Swiss Bankers Respond To Privacy Initiative
The Swiss Bankers Association (SBA) has published a new report on the “Yes to the protection of privacy” initiative, which criticizes plans to enshrine bank-client confidentiality in the federal constitution.
The “Yes to the protection of privacy” initiative was launched in March 2013 by a cross-party committee headed by banker and Member of Parliament Thomas Matter. The popular initiative was filed with 117,596 signatures in September 2014. The aim is to ensure citizens’ privacy in Switzerland, but would not impact Switzerland’s commitments on the automatic exchange of information.
Bank-client confidentiality is provided for in the Banking Act and Stock Exchange Act, which establish professional confidentiality comparable to that between doctors and their patients, lawyers and their clients, and priests, for disclosures during confessions. According to the SBA, this legislation is designed to protect personal privacy, not to protect assets from the tax authorities.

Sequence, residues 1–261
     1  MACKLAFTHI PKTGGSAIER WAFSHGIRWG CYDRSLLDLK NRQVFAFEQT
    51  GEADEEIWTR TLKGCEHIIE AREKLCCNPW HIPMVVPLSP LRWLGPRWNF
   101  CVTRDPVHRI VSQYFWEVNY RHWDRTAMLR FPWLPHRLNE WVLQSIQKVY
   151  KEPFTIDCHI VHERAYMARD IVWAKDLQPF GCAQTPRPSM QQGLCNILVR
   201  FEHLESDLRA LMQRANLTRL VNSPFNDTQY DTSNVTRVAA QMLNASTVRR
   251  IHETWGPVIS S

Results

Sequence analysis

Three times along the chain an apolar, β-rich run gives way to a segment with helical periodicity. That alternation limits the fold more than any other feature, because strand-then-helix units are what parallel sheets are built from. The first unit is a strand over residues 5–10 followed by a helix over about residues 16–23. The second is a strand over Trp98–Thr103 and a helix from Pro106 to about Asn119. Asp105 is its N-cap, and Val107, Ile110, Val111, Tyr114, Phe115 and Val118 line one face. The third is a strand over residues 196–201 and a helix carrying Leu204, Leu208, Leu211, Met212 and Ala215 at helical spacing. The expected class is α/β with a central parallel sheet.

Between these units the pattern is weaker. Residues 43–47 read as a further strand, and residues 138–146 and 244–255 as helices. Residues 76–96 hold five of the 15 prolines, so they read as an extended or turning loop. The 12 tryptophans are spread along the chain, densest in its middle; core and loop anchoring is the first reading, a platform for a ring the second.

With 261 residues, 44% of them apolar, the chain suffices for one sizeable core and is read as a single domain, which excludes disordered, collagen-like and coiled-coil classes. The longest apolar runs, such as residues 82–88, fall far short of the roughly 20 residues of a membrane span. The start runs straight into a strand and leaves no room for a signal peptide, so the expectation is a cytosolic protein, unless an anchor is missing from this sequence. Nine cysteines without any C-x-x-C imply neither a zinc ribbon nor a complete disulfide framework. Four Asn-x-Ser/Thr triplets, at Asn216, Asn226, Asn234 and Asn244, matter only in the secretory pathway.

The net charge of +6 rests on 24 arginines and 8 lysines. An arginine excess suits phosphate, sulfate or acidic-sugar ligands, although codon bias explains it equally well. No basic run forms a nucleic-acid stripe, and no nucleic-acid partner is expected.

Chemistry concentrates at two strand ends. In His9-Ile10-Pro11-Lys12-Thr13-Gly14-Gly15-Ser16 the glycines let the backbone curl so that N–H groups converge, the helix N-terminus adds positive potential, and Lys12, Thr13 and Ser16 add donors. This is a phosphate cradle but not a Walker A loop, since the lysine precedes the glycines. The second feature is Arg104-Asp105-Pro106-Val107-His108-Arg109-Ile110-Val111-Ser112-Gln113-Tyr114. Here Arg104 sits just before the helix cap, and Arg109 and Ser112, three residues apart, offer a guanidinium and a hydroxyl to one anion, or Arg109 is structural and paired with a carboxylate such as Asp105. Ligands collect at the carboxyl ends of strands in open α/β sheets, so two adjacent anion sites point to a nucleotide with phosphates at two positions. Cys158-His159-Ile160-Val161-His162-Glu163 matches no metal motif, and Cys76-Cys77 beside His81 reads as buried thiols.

The SBA commissioned René Matteotti, Professor for Swiss, European, and International Tax Law at the University of Zurich, to draft an in-depth report on the initiative’s potential impact. According to the report, the initiative would shield delinquent taxpayers, creating an incentive for those who behave in a dishonest manner.
Matteotti said that the initiative would increase the burden of responsibility and liability for banks and their employees. The SBA maintains that banks are not “the tax police,” and are not responsible for their clients’ tax situations.
The SBA said that it therefore rejects the initiative in its current form.
The SBA has previously said that the insertion of a separate bank-client confidentiality article into the constitution is unnecessary, because the protection of privacy is already sufficiently enshrined.